Premenstrual syndrome (PMS) is one of the most common disorders among women of childbearing age.
Its symptoms include water retention, abdominal cramps, tiredness, and irritability.
Interestingly, magnesium has been shown to improve mood, reduce water retention and other symptoms in women with PMS (46, 47)
10. Magnesium Is Safe and Widely Available
Magnesium is essential for good health. The recommended daily intake is 400–420 mg per day for men and 310–320 mg per day for women (48).
You can get it from both food and supplements.
The following foods are good to excellent sources of magnesium (49):
- Pumpkin seeds: 46% of the RDI in a quarter cup (16 grams)
- Spinach boiled: 39% of the RDI in a cup (180 grams)
- Swiss chard boiled: 38% of the RDI in a cup (175 grams)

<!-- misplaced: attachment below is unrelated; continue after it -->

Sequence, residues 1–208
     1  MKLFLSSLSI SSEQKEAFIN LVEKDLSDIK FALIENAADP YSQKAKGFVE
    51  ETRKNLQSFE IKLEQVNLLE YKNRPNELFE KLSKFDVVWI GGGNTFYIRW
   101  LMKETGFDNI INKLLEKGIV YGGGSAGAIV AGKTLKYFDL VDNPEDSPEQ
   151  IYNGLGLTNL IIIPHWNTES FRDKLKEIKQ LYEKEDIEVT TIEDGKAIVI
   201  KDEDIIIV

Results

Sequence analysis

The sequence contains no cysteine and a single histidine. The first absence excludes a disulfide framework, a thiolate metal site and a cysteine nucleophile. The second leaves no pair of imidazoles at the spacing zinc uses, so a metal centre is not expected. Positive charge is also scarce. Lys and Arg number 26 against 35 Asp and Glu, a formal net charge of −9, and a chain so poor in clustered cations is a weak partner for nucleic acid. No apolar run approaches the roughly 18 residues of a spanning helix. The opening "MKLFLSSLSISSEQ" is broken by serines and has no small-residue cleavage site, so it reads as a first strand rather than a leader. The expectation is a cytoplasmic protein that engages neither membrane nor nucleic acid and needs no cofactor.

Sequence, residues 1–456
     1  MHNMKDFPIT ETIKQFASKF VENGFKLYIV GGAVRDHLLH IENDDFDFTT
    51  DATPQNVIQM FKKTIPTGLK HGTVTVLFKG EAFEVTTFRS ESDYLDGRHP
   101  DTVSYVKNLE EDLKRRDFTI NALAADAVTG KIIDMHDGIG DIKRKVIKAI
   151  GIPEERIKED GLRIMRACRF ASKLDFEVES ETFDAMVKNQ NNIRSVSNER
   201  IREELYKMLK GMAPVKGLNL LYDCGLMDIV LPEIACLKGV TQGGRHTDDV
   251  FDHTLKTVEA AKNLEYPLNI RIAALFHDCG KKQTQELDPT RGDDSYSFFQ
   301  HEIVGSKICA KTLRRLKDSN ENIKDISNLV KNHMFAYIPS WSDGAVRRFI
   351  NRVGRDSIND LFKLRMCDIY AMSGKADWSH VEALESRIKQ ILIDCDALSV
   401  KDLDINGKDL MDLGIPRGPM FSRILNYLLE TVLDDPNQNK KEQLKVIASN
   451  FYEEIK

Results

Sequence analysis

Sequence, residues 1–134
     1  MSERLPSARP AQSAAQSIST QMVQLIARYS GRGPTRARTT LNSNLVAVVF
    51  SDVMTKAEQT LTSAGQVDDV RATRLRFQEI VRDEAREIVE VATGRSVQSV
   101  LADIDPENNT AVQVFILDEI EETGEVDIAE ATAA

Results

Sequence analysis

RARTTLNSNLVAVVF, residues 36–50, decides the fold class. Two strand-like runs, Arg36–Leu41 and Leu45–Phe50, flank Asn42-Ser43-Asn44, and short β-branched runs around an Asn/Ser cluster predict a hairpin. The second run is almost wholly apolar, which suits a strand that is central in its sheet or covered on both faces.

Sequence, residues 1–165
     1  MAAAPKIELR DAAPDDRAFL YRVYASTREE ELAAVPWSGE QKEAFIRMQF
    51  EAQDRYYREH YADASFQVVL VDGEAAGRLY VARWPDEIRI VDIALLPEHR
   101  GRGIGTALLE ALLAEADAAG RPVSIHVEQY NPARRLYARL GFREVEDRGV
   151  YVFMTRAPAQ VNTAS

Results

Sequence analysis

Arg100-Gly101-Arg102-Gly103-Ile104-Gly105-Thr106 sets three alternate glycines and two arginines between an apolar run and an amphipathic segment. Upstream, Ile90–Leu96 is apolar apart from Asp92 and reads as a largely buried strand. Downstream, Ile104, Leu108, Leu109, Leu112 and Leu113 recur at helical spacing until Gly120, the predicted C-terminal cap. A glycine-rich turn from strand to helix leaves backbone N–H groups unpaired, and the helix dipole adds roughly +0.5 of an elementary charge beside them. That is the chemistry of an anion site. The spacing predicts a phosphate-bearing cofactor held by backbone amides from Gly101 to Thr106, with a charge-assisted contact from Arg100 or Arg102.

- Dark chocolate (70–85% cocoa): 33% of the RDI in 3.5 ounces (100 grams)
- Black beans: 30% of the RDI in a cup (172 grams)
- Quinoa, cooked: 33% of the RDI in a cup (185 grams)
- Halibut: 27% of the RDI in 3.5 ounces (100 grams)
- Almonds: 25% of the RDI in a quarter cup (24 grams)
- Cashews: 25% of the RDI in a quarter cup (30 grams)
- Mackerel: 19% of the RDI in 3.5 ounces (100 grams)
- Avocado: 15% of the RDI in one medium avocado (200 grams)
- Salmon: 9% of the RDI in 3.5 ounces (100 grams)
If you are taking certain diuretics, heart medications, or antibiotics, check with your doctor before taking magnesium supplements.
Supplementary forms that are well absorbed include magnesium citrate, glycinate, orotate, and carbonate, while oxidized ones have slightly poorer absorption.
Remember, if you do not have enough of this important mineral, your body cannot function optimally.
You can read here about the most common nutrient deficiency.